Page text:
Back in 1970, only 5% of the musicians in America’s top symphony orchestras were women. That number rose to 25% by the mid-1990s, and the numbers are even higher today. So, what happened in the meantime? Fascinatingly enough, the revolution seems to owe everything to a remarkably simple adjustment in the hiring process. Namely, during the 1970s, most symphony orchestras in the United States began adopting “blind” auditions, putting up a screen to hide the candidates’ identity and gender. Based exclusively on “the sweet sound of performance,” women began getting hired in far greater numbers than ever before. To think that there are people today who still believe there never was such a thing as gender discrimination.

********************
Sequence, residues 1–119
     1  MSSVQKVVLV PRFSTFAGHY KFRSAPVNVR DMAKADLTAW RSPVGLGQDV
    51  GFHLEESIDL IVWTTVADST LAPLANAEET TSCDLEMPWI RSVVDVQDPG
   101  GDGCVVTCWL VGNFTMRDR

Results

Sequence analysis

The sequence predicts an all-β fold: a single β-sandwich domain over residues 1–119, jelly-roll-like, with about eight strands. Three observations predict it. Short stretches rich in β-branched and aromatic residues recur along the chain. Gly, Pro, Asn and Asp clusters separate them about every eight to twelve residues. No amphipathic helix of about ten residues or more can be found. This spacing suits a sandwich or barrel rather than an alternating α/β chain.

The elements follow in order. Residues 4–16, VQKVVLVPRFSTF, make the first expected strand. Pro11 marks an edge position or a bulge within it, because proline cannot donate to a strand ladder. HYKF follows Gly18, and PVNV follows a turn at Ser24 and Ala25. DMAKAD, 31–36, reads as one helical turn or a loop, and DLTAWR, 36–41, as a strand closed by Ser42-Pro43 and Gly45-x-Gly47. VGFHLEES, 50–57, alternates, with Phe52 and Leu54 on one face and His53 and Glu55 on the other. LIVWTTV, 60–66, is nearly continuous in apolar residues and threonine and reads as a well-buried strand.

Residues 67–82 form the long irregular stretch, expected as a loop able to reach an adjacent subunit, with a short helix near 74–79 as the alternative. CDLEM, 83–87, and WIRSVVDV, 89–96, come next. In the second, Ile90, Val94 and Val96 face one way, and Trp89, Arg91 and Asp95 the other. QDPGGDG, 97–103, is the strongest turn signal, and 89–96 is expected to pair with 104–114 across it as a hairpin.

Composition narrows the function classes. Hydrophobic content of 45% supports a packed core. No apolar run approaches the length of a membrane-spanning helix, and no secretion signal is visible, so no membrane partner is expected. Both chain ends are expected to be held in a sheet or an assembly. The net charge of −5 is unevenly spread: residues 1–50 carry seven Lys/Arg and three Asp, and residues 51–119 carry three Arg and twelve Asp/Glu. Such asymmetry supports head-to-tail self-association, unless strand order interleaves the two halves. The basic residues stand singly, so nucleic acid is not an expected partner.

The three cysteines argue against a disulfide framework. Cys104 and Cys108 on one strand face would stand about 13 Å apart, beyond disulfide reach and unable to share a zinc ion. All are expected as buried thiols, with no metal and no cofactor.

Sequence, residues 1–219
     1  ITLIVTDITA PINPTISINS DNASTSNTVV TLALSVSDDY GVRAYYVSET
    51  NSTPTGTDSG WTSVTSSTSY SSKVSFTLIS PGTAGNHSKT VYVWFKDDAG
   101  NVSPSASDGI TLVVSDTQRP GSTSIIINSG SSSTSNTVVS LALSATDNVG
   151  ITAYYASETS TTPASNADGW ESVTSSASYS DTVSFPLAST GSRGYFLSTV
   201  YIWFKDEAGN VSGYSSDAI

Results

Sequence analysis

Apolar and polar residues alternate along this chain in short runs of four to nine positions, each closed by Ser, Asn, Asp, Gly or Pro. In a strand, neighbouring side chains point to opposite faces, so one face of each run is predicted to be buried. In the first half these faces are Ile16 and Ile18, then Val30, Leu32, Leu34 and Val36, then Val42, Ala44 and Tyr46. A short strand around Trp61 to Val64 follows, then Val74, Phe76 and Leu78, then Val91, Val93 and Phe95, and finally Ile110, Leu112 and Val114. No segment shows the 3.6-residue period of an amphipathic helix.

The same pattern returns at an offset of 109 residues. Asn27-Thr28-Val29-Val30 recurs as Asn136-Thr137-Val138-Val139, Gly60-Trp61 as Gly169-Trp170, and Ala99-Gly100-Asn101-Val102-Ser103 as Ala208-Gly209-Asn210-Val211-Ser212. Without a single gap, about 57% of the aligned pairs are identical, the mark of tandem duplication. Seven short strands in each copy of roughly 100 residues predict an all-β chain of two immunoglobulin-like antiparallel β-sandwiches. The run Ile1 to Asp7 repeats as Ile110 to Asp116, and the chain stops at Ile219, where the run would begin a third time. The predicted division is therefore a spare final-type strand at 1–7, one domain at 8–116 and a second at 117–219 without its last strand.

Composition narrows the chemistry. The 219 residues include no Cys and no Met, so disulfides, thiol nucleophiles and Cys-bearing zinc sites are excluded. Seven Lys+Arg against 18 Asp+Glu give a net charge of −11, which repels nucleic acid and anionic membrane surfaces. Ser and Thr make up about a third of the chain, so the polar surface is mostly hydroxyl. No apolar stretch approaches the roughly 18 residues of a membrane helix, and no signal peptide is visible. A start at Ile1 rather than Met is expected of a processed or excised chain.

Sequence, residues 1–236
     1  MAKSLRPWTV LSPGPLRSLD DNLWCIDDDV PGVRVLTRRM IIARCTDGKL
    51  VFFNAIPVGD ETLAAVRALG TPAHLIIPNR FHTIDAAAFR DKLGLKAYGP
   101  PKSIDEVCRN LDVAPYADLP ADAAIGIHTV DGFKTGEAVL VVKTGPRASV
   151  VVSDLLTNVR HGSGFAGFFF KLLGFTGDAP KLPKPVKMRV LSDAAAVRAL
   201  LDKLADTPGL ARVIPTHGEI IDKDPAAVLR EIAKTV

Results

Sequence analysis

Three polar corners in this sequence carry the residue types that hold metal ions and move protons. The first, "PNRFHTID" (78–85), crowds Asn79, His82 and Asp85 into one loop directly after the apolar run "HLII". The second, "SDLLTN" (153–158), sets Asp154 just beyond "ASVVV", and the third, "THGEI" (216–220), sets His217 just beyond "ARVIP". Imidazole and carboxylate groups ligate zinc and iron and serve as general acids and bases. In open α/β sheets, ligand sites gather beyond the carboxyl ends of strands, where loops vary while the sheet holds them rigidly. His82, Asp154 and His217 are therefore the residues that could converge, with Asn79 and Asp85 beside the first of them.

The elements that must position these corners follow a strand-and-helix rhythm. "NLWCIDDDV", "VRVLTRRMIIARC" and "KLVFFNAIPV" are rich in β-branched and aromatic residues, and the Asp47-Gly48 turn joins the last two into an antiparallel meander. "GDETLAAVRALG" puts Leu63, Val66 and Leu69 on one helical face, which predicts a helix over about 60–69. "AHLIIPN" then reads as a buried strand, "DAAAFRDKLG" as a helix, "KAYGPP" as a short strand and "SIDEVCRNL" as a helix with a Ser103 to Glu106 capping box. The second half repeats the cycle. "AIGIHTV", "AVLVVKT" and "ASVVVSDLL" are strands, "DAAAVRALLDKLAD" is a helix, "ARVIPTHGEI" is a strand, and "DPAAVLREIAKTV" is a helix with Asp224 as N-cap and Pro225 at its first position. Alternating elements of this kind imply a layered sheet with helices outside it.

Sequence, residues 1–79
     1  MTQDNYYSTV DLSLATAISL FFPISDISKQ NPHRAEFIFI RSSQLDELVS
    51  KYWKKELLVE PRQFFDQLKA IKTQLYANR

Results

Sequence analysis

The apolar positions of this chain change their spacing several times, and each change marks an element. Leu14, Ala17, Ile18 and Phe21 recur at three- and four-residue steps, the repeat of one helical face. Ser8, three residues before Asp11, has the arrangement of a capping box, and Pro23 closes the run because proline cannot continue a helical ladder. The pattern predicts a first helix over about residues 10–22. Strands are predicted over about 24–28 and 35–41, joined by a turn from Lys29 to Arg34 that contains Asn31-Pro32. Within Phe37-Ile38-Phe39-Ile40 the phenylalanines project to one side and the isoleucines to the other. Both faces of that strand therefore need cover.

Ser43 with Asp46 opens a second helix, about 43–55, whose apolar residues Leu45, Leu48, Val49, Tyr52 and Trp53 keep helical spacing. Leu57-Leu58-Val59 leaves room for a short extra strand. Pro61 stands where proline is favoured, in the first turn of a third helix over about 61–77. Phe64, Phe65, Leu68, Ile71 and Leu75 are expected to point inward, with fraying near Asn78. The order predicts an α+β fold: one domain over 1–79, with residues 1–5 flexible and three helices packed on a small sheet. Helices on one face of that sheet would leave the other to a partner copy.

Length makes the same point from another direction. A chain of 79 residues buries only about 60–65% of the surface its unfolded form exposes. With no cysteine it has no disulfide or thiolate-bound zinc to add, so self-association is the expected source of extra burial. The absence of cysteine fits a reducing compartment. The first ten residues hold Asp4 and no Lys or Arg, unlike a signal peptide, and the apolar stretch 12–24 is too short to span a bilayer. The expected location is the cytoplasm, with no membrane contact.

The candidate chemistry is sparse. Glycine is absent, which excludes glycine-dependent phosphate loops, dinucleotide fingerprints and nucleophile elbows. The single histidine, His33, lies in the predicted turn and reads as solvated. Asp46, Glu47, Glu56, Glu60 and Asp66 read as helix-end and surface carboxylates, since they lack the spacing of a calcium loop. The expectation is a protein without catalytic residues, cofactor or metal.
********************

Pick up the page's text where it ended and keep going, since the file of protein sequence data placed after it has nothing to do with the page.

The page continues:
“Blind” auditions improved female musicians’ likelihood of being hired by top orchestras not only because they reduced sex-based hiring, but also because they inadvertently boosted female confidence levels. It’s easier to believe in yourself when you are by yourself, behind a screen, and nobody’s watching; it’s very difficult when everyone’s judging every aspect of your being. This is especially true for women – even the most successful ones are constantly assessed and disparaged in ways men never are. And that’s a very big problem. Especially in view of the repeatedly observed fact that “success correlates more closely with confidence than it does with competence.”